1. What does Tressie McMillan Cottom mean when she says that US healthcare systems assume black women’s incompetence?
2. As she conveys the story, how might Cottom’s pregnancy have been different had the healthcare workers involved read her as competent?
3. What are some stereotypes and structural features of modern healthcare that (according to Kidd & Carel) make patients especially vulnerable to epistemic injustice?
4. One kind of epistemic injustice in healthcare is testimonial injustice. Give an example (from Cottom, Kidd & Carel, your own experience, or elsewhere) and explain what makes it a case of testimonial injustice.
5. Another kind of epistemic injustice in healthcare is hermeneutical injustice. Give an example (from Cottom, Kidd & Carel, your own experience, or elsewhere) and explain what makes it a case of hermeneutical injustice.
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An epistemic injustice occurs when a person is wronged in their capacity as a knower.
One form of epistemic injustice is what Miranda Fricker calls testimonial injustice: when a speaker’s (or writer’s) words are given less credibility than they deserve, because of some negative stereotype the audience (listener / reader) holds about the speaker or people like them.
Another form of epistemic injustice is what Fricker calls hermeneutical injustice: when someone’s ability to successfully communicate to others (or understand themselves) some important aspect of their experience is undermined, because of some negatibe stereotype the audience holds about them or people like them.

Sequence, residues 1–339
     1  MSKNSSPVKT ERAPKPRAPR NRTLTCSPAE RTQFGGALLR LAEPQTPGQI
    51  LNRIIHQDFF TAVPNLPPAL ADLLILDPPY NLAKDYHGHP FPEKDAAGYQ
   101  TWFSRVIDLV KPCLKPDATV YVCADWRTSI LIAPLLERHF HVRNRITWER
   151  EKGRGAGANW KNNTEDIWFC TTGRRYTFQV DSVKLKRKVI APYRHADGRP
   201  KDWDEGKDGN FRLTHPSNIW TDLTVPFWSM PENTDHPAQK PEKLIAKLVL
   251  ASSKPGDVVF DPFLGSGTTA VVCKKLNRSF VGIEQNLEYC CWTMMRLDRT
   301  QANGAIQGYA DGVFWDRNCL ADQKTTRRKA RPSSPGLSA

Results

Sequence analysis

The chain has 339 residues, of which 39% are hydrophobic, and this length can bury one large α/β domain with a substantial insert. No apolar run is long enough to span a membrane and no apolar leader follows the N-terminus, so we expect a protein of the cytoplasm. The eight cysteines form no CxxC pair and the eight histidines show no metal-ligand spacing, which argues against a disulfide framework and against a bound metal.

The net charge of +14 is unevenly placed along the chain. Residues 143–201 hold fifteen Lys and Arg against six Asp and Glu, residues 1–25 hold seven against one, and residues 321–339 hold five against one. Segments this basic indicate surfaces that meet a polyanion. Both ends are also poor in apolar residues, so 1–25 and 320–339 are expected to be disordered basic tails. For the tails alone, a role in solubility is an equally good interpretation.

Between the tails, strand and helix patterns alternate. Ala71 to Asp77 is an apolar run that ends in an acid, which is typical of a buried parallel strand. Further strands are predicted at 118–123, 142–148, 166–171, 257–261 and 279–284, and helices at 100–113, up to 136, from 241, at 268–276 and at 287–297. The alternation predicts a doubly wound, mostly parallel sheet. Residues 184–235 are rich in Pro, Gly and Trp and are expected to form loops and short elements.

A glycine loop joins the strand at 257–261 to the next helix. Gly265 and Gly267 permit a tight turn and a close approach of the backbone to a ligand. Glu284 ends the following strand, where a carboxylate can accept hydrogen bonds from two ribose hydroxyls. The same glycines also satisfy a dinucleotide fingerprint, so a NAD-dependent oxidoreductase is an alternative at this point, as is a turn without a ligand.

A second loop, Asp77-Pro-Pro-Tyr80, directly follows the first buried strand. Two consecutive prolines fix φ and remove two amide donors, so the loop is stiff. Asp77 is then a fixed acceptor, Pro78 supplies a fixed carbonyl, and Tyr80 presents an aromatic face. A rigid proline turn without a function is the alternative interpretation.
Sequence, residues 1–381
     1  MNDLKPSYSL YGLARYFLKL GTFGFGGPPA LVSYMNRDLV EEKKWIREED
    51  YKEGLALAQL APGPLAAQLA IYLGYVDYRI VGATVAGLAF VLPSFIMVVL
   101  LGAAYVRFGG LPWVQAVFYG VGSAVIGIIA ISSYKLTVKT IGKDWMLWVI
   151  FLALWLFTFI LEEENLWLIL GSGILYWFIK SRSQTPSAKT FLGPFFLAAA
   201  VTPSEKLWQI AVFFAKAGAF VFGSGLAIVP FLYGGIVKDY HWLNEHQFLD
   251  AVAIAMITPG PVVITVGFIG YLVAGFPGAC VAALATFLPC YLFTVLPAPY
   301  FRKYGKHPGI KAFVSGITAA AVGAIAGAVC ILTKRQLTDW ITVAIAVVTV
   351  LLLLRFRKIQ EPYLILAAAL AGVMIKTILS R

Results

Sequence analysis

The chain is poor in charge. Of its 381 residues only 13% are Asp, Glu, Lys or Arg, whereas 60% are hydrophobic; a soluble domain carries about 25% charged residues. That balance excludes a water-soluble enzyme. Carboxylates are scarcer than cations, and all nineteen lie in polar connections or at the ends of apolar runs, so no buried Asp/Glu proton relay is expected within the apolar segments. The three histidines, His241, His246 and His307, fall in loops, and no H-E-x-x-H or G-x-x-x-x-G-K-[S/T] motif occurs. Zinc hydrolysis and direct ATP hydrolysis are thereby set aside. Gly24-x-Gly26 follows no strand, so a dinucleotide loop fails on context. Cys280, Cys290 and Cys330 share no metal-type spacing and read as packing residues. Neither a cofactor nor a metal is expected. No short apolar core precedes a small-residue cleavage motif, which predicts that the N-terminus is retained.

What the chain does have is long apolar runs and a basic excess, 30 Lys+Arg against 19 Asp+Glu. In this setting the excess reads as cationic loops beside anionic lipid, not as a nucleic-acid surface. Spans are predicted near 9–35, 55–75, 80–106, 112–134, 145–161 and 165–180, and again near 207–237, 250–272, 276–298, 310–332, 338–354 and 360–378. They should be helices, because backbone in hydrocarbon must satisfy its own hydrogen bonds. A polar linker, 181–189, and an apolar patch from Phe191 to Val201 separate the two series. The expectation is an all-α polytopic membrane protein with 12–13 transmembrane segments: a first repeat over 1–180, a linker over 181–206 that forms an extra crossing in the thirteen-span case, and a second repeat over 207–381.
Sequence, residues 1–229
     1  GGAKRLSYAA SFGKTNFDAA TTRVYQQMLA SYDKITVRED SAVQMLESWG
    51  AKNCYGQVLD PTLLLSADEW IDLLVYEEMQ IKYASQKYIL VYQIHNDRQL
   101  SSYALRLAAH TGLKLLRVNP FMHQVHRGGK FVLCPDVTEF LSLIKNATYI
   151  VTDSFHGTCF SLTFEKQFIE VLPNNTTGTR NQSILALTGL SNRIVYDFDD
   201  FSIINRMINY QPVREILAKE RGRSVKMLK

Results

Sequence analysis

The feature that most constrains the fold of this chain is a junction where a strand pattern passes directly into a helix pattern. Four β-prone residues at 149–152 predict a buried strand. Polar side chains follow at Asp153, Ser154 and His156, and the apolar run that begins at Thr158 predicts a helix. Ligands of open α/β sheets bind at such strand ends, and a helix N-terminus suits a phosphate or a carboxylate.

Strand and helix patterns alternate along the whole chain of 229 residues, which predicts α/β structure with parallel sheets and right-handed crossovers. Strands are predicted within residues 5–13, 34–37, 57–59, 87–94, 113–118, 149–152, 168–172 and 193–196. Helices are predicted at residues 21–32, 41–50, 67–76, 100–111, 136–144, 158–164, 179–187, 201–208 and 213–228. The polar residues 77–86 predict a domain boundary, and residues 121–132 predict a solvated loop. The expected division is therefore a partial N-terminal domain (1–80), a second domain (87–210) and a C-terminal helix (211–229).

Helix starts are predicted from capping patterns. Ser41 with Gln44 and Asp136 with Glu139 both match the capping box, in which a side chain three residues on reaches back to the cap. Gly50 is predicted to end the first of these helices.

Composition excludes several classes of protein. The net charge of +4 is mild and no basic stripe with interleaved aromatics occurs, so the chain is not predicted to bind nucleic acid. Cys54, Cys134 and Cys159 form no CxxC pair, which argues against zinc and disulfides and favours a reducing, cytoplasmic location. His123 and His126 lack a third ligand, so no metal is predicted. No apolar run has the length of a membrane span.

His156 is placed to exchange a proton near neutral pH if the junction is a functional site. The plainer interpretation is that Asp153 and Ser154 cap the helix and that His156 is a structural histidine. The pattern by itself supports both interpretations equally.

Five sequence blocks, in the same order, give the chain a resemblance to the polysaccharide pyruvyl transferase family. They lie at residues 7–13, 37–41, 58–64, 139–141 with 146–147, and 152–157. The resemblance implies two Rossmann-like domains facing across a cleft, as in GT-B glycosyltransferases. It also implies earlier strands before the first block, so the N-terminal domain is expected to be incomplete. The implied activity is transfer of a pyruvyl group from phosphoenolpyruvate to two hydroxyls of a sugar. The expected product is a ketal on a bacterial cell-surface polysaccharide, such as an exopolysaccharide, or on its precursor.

In this week’s homework assignment, I’m asking you to identify examples of these epistemic injustices in healthcare. But here, on the Discussion Board, let’s brainstorm in a more open-ended way. Can you describe for us some time in your life when you’ve experienced testimonial or hermeneutical injustice? It could relate to healthcare, but it doesn’t have to. Try to give us enough details that we can follow your story, and try to explain whether this was testimonial or hermeneutical injustice (or perhaps both).
Patients are not usually medical experts — although it is worth remembering that doctors, nurses, and other healthcare professionals are all human and so sometimes they are patients too.
So if patients are not usually experts in medicine or healthcare, what do patients know? What distinctive knowledge do patients have that doctors, nurses, and other healthcare workers sometimes overlook or undervalue?
(Examples are particularly helpful here!)